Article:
A supply of goods to another country is exempt from VAT
A business that sells goods and sends them to another European country makes what is known in VAT as an intra-Community supply of goods. If the customer is a business, the seller knows that he must invoice his customer without VAT. What he is less aware of is that this exemption from VAT is not automatic but depends on the following five material conditions being met:
1) the power to dispose of the goods as an owner has been transferred to the purchaser
2) the goods are physically dispatched from one Member State to another
3) the customer is a taxable person
4) the customer has provided a VAT number of a European country other than a VAT number of the country of departure
5) the seller has taken over the sale in the correct intra-Community listing of goods
Two additional conditions that are confusing
The last two conditions were added in 2020 as part of the European implementing regulation (quick fixes) which aimed to better regulate intra-Community flows:
- The VAT exemption is only acquired if the purchaser communicates his VAT identification number to the supplier. This VAT number has therefore become a material condition for the application of the VAT exemption since 1 January 2020, rather than a mere formal requirement as was previously the case. If, through ignorance or negligence, the purchaser does not communicate his VAT number within the deadline, the supplier will have no choice but to invoice the intra-Community supply ... with local VAT. There is legal doubt as to whether or not it is possible to correct the situation at a later date and as to how this VAT can be recovered. It is immediately clear that some companies could end up in a dead end. Moreover, this again fuels the debate on whether the VAT number is not just a formal requirement.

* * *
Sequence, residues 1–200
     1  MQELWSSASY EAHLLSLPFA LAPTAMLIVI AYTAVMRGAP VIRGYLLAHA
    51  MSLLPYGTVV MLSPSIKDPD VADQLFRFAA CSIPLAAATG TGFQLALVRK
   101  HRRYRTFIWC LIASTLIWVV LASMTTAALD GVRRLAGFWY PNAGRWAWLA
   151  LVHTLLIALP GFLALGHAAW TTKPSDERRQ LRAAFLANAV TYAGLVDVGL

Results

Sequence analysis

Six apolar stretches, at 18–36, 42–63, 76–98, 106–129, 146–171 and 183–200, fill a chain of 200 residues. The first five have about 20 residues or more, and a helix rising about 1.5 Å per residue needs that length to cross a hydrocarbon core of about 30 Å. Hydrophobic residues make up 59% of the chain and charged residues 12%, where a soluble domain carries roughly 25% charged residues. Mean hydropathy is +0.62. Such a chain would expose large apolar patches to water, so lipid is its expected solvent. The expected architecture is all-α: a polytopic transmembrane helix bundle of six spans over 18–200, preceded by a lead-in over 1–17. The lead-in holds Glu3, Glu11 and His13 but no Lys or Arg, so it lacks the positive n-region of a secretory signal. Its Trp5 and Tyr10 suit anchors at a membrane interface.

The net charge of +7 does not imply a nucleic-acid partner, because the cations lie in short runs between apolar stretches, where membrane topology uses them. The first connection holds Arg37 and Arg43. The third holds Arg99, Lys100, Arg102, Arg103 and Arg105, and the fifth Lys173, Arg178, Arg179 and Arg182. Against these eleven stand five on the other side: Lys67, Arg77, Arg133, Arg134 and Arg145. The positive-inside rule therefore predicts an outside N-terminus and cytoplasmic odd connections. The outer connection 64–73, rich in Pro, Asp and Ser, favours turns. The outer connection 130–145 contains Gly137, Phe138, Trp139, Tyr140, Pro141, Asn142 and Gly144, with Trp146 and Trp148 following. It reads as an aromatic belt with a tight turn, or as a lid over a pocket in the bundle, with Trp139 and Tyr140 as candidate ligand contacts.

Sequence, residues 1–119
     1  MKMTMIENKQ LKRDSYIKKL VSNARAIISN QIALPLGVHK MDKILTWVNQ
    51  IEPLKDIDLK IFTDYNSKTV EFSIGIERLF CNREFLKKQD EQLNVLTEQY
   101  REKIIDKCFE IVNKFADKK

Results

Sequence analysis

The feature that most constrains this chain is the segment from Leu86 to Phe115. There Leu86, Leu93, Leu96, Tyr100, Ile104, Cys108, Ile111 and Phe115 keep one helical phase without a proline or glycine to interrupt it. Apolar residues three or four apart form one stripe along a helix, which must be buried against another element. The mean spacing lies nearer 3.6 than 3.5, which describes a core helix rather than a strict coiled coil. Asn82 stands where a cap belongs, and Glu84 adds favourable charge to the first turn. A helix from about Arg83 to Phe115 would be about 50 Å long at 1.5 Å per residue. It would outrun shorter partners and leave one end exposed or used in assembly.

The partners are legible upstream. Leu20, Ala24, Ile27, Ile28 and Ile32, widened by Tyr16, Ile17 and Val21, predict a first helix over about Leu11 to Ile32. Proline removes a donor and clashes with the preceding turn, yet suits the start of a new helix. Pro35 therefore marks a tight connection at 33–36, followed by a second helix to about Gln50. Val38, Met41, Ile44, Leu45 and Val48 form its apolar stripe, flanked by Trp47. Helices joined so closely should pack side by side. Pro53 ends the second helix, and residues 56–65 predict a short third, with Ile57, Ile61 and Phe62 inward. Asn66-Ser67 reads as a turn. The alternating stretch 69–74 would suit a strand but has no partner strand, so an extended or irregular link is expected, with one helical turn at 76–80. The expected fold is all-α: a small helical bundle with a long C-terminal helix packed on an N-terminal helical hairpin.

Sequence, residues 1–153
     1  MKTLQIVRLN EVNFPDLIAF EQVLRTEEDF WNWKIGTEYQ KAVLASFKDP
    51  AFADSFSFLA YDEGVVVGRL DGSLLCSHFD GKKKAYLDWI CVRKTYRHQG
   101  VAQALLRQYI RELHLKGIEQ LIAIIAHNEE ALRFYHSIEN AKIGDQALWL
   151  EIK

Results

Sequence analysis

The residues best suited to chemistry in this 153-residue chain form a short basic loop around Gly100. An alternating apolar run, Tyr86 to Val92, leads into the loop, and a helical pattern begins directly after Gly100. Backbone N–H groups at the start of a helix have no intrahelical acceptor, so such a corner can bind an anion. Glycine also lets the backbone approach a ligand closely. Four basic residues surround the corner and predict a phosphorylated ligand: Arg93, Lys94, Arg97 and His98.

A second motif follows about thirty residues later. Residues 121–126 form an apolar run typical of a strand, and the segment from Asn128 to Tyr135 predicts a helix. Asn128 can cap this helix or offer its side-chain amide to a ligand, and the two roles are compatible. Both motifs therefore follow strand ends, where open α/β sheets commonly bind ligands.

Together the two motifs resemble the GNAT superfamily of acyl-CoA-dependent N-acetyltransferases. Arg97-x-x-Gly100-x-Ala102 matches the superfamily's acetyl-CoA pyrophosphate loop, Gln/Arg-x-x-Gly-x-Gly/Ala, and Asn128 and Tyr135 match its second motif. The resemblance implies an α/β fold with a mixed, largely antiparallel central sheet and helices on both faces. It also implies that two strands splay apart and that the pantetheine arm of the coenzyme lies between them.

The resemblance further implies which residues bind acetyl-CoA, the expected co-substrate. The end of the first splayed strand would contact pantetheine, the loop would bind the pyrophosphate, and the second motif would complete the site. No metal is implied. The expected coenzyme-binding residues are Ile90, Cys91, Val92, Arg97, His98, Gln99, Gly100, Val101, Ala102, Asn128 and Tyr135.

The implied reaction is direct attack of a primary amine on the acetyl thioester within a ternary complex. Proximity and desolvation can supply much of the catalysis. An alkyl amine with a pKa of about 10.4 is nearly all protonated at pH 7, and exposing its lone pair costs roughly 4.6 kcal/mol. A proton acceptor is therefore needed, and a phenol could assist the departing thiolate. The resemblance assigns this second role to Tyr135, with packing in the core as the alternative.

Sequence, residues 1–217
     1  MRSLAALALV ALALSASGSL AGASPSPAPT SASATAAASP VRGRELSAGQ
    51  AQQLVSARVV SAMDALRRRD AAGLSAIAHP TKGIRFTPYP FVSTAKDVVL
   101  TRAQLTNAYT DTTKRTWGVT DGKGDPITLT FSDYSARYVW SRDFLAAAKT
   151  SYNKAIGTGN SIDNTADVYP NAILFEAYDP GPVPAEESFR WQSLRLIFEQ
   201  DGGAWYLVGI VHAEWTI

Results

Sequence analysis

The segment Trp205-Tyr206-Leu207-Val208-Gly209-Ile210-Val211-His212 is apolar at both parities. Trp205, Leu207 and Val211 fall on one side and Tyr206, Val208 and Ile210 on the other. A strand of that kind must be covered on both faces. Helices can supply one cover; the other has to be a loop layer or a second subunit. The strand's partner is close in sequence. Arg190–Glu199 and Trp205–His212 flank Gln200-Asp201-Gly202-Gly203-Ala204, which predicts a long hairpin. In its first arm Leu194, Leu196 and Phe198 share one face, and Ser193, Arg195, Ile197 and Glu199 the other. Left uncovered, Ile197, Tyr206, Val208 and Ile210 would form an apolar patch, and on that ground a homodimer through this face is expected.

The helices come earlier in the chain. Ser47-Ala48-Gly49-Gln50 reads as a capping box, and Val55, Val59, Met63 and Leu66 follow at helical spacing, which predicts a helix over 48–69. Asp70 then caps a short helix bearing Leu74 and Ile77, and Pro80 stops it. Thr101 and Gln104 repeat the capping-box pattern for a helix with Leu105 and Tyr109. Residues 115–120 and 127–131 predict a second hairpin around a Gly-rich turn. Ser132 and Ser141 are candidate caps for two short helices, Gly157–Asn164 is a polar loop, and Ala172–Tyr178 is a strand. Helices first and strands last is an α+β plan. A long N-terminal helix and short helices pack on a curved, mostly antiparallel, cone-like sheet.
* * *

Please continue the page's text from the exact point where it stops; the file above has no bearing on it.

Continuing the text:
- The VAT exemption is only valid if the supplier has fulfilled his obligation to lodge and complete the intra-Community of goods declaration correctly. Extreme care must be taken to identify the chargeable event and the tax liability in order to complete the listing for the correct reporting period. If the sale is not included in the correct listing or if the listing contains incorrect data concerning the supply, the tax authorities will have the power to revoke the VAT exemption and will turn to the supplier to claim the payment of VAT, fines and interest for late payment, unless the supplier can duly justify its failure to the satisfaction of the competent authorities.
The expert's view: towards a head-on collision with the tax authorities?
VAT is in principle a neutral tax for businesses. The above examples point to the serious tax neutrality problems that are bound to arise from the VAT rules on the exemption of intra-Community supplies.
Businesses involved in intra-Community trade in goods therefore have a compelling interest in analysing their internal procedures in order to guard against the above-mentioned inconveniences.